Editor’s Note: In February 2019, China Brief presented an article in two parts by Dennis J. Blasko and Roderick Lee, which profiled order-of-battle expansion and organizational reforms in the PLA Navy Marine Corps (The Chinese Navy’s Marine Corps, Part 1: Expansion and Reorganization and The Chinese Navy’s Marine Corps, Part 2: Chain-of-Command Reforms and Evolving Training). Here, China Brief presents another perspective that discusses the evolving roles for the PLAN Marine Corps—in terms of both amphibious operations alongside the PLA Army, as well as new missions in other environments.
Introduction: The PLAN Marine Corps and the Amphibious Role of the PLA Army
Historically, the Marine Corps was not a branch greatly valued by the People’s Liberation Army Navy (PLAN). The explanation for this had much to do with the PLA’s mission priorities: the PLA has looked to the Taiwan Strait as its main focus area for amphibious warfare, and the PLA Army (PLAA) has traditionally held the primary role in this functional area, with the PLAN Marine Corps (PLANMC) operating in a secondary role.
The former Nanjing Military Region—since reorganized as the Eastern Theater Command (China Brief, February 4, 2016)—has amphibious mechanized units that were subordinate to the PLAA 1st and 73rd Group Armies (now reorganized as the 72nd and 73rd Group Armies, respectively) (China Military, December 2, 2018). The amphibious mechanized units of the PLA Army feature heavier firepower and greater mobility than the PLAN Marine Corps (which originally consisted of only two brigades, the 1st and 164th, both subordinate to the South Sea Fleet). The PLAA amphibious forces focused on “big island” targets: these “big island” targets obviously included Taiwan, the PLA’s top priority scenario for resources and contingency planning. By contrast, the PLANMC was oriented largely towards the defense of islands or reefs in the South China and East China Seas.
As the PLAN has become increasingly stronger in recent years, its efforts to field greater numbers of modern warships—and the deployments and training of these ships—have attracted ever-greater attention. In line with the expansion of its parent service, the PLAN Marine Corps has also grown, in terms of both numbers and missions, to align with China’s growing overseas interests. The two original brigades of the Marine Corps have been augmented in recent years by six more—four combined arms brigades, a special operations brigade, and elements of a shipborne helicopter aviation brigade—based in multiple locations along the length of China’s coastline (China Brief, February 1, 2019).
Only in recent years has the PLA as a larger institution started to rethink the value and use of the Marine Corps—a change resulting from the PLAN’s improvements in capability, and China’s growing national power and increasing overseas interests. Recent training exercises provide some indication of likely future missions for the PLAN’s larger and more capable Marine Corps branch.
Training Exercises of the PLAN Marine Corps
Following from the most recent military reforms initiated in 2016, the PLAN Marine Corps has been engaged in training exercises distinct from those in the past. For example, in early 2016 the PLAN Marine Corps sent troops to conduct “cross-region long-distance mobility training” in the cold weather desert environment of Korla (central Xinjiang). In this exercise, the deployed troops were referred to as “South Sea Dragons” (南海蛟龙, Nanhai Jiaolong)—thereby possibly identifying them as the PLANMC special operations force (SOF) brigade based on Hainan Island, which was converted from a former PLAN Jiaolong naval commando unit.  Per press accounts, these troops conducted field maneuvers against a garrison of “Tian Mountain crack troops” (天山雄师, Tian Shan xiongshi) who acted as the opposing force during the exercise (China Army, February 16, 2016).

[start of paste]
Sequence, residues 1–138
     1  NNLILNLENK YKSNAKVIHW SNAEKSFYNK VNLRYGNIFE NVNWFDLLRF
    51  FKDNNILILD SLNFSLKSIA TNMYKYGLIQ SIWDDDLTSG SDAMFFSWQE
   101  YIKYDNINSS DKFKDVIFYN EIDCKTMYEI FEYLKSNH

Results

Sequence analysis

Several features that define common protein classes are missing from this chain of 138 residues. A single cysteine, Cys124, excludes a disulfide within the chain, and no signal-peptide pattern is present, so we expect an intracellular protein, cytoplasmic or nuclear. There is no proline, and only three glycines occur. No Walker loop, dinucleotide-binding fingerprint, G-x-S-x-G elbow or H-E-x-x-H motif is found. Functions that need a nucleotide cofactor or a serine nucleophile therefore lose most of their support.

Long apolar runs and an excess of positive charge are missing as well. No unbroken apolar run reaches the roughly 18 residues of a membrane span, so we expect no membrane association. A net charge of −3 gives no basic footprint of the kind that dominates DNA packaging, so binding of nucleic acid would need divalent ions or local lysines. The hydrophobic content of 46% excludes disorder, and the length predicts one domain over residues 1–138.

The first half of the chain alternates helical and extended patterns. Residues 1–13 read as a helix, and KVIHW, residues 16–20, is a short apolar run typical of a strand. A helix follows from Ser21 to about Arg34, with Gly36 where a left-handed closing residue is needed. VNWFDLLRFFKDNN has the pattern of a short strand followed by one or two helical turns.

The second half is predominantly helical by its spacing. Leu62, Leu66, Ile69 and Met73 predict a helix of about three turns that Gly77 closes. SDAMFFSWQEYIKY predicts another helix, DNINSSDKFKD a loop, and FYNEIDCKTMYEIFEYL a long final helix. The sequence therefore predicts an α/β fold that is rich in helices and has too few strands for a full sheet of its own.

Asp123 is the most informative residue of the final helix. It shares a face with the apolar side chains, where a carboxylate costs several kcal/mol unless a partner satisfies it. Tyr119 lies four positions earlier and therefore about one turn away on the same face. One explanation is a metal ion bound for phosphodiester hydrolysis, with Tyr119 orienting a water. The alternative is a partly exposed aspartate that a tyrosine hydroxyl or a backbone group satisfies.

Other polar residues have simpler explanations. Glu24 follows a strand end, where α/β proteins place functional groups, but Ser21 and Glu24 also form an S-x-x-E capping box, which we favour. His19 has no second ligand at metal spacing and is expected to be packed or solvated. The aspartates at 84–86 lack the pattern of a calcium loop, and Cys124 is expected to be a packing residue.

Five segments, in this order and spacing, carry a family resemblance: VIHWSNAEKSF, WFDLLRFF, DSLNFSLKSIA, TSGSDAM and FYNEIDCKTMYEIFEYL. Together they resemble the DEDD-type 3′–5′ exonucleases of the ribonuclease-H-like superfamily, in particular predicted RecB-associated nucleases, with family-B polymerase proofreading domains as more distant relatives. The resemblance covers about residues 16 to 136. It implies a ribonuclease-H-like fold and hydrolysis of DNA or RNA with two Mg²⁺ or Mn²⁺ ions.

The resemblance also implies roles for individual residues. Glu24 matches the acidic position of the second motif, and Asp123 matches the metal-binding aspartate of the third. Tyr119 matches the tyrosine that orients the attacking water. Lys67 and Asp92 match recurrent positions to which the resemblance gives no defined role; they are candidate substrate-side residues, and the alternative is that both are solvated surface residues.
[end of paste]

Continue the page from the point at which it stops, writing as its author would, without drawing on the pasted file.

In March 2018, the PLANMC held an exercise called “Ten Thousand Men and One Thousand Vehicles” (萬人千車, Wan Ren Qian Che) which simulated in a realistic way a cross-region projection of full-strength marine units by air to destinations in Yunnan and Shandong Provinces. State media described these and other exercises as part of normalizing “all-environment training, all-environment employment” (全域訓, 全域用 / quan yu xun, quan yu yong) for the Marine Corps, so that its “footprints would traverse high-latitude cold regions, gravel deserts, plateaus, and jungles” (China Military, March 16, 2018.
These exercises were meant to underscore that the PLAN Marine Corps will be tasked with a range of operations beyond amphibious warfare. Training in different forms of terrain and climate conditions is intended to make the PLANMC acquire capabilities similar to those of the expeditionary forces of the U.S. Marine Corps—which through its history has deployed and fought in a range of locations, from the extremely cold Korean Peninsula to the desert environments of the Middle East. Such training also signals that the PLAN Marine Corps will be the vanguard defender of China’s overseas interests, and its involvement in cross-region mobility exercises is aimed at turning it into a rapid reaction force with a variety of transportation platforms at its disposal.
The Focus on Modularized, Combined Arms Units
The PLAN Marine Corps is moving towards the goal of developing highly modularized marine brigades or battalions. In this way the marines can not only be integrated into theater commands’ command systems, but will also be able to operate semi-independently in executing amphibious landing missions—so that PLA Army combined arms brigades landing later may take over follow-on missions seamlessly. The goal is to get the marines prepared for expeditionary missions in the future. Given the fact that China’s future overseas bases—the first of which has been established in Djibouti (China Brief, July 21, 2017; China Brief, March 22, 2019)—will not have the kind of fire and logistics support from theater commands as their counterparts back at home, troops deployed to those bases must be able to fight independently (People Daily, August 2, 2017). The key is in the modularization and organic combined arms capabilities of the forces involved: such units can provide better protection to overseas bases, contribute to regional security, and present a force with more deterrent power.